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I...hate....contractors........

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  • #21
    We're finishing a project this month that we started years ago and this is all very fresh in my mind right now! we hired a great guy to do a kitchen remodel - loved him, great to work with, all that - not much of a GC because we hated the drywaller and plumber and countertop guys he worked with, but overall, we liked him. Later we needed some help with a bathroom and some closets. I don't know what was going on in his life the second time around, but the work was NOT up to his previous quality. Now we're trying to put tile over the uneven, crooked mess he made of our bathroom and are scratching our heads about what went wrong.

    Comment


    • #22
      We had to ask the guys who put in our concrete floor to not smoke in the barn. It is clearly not common sense to everyone that you should not smoke next to a huge pile of hay.

      Comment


      • #23
        I hope with the downturned economy the swelled heads of our local contractors have deflated a bit.

        Comment


        • #24
          I was looking up magnet sweepers, to point to a link, to suggest using it to find all the nails and I found this
          http://www.magnetsource.com/Solution...s/cowmags.html

          Comment


          • #25
            OH MY GOD! *jaw drops*

            Originally posted by Chall View Post
            I was looking up magnet sweepers, to point to a link, to suggest using it to find all the nails and I found this
            http://www.magnetsource.com/Solution...s/cowmags.html
            DIY Journey of Remodeling the Farmette: http://weownblackacre.blogspot.com/

            Comment


            • #26
              Boy, is this timely!

              We got an estimate from a licensed contractor (whom I had checked out with the BBB and also contacted some former clients before hiring them) for $49,000 to remodel an existing bathroom, reconfigure a hallway/master bedroom closet, tile flooring throughout and laundry area (approximately a 12 X 12 area), add a screened in lanai (cement pad and metal roof) and replace a bay window with french doors out to the new lanai. We accepted their estimate and actually budgeted $60,000 to care for any overages (did not tell contractor this).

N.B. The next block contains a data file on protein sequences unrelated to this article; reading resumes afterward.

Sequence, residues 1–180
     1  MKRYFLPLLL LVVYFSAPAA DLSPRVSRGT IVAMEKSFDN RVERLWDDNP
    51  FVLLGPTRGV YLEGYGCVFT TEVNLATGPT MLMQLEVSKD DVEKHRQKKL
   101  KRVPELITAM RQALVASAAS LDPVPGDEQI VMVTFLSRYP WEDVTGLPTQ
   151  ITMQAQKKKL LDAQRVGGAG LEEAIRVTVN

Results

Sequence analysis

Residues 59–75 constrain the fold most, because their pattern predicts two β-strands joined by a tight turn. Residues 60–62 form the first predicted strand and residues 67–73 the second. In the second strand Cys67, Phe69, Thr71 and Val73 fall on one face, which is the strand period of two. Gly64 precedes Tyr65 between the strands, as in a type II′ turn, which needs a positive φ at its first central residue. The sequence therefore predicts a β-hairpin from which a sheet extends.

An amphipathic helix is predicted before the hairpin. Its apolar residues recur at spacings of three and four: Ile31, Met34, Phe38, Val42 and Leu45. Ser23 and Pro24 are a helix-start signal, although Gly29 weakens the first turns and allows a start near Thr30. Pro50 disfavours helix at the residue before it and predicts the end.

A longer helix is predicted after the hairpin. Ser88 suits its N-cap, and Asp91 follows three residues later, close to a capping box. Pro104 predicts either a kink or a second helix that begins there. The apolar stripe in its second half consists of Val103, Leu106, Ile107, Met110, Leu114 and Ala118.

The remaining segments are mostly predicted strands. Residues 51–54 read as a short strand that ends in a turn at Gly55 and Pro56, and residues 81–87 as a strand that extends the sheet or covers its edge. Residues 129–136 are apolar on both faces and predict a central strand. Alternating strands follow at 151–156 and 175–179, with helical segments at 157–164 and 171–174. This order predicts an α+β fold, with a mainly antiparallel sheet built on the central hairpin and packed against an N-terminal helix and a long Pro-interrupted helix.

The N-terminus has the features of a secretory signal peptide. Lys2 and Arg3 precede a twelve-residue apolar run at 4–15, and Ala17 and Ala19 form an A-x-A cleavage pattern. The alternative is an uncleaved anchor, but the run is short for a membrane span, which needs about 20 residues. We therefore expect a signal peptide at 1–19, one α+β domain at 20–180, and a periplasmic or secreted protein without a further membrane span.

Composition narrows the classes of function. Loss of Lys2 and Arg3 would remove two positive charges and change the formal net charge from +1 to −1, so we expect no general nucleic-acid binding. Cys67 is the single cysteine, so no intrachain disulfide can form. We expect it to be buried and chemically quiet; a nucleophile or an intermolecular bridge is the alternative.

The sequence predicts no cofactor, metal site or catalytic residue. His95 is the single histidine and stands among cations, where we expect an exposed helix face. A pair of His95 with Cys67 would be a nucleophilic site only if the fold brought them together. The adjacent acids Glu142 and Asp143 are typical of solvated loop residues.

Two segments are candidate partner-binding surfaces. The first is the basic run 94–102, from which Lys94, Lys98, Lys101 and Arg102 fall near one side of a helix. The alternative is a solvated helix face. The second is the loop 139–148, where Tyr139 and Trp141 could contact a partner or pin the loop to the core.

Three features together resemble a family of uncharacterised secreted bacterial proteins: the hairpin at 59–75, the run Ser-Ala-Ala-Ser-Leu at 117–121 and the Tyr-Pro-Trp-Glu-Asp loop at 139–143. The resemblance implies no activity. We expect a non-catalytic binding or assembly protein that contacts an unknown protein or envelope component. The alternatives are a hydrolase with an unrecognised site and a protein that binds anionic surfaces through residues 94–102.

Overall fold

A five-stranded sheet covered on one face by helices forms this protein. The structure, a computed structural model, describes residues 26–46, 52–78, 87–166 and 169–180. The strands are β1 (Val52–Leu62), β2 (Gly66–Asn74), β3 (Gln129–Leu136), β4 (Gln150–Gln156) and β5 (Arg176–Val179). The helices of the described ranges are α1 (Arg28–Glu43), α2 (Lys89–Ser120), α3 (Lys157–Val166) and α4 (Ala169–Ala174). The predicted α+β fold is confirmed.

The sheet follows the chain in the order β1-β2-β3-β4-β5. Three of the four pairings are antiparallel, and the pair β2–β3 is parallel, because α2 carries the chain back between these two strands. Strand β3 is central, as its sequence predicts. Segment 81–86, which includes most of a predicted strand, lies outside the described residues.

This is a husband and wife team, and we had worked with thier grown son and really liked both the son and the couple. They had some great ideas on the design for the closet, and I had a vision for the bathroom. Part of the estimate was to replace all of the pumbing in the house (we are in FL and the plumbing hangs under our house so was very accessible to replace). The pipes were old galvanized and we had no water pressure. We also replaced our well and pump, but that was separate from this estimate.

              Anyway, I was to order all of the fixtures for the bathroom (tub, toilet, faucets and shower heads) as well as the floor tile. I emailed him with my choices and kept asking him if that was within the materials budget for those items. Got "yes" for all and was told he budgeted $10,000 for that. I spent $9,228 total.

              Fast forward several months. We are 100% over budget and were not told until AFTER the work was done, so ended up being pressured into paying. We were very naive, and in hindsight should have let them lien this guy - our Homestead would have protected us from getting liened. B

              esides being 100% over in the budget, we cannot afford to get the main change done - the lanai. That was supposedly $14,000 of the budget, but since we have now spent $85,000, we cannot do it. So we have an ugly cement pad with french doors out to it and no roof or screen.